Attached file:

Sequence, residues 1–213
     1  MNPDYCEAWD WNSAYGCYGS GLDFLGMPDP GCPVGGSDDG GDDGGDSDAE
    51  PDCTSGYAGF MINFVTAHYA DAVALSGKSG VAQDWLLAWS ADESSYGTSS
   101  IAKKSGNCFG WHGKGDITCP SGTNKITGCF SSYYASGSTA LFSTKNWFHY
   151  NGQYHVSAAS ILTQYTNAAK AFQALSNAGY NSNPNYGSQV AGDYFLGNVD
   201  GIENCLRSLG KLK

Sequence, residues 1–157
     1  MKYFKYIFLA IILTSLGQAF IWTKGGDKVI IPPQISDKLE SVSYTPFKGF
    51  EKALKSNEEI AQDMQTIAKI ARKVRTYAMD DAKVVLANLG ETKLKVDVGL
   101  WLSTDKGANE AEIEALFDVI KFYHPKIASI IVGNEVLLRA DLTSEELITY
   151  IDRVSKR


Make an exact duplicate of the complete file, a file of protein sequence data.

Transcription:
Sequence, residues 1–213
     1  MNPDYCEAWD WNSAYGCYGS GLDFLGMPDP GCPVGGSDDG GDDGGDSDAE
    51  PDCTSGYAGF MINFVTAHYA DAVALSGKSG VAQDWLLAWS ADESSYGTSS
   101  IAKKSGNCFG WHGKGDITCP SGTNKITGCF SSYYASGSTA LFSTKNWFHY
   151  NGQYHVSAAS ILTQYTNAAK AFQALSNAGY NSNPNYGSQV AGDYFLGNVD
   201  GIENCLRSLG KLK

Sequence, residues 1–157
     1  MKYFKYIFLA IILTSLGQAF IWTKGGDKVI IPPQISDKLE SVSYTPFKGF
    51  EKALKSNEEI AQDMQTIAKI ARKVRTYAMD DAKVVLANLG ETKLKVDVGL
   101  WLSTDKGANE AEIEALFDVI KFYHPKIASI IVGNEVLLRA DLTSEELITY
   151  IDRVSKR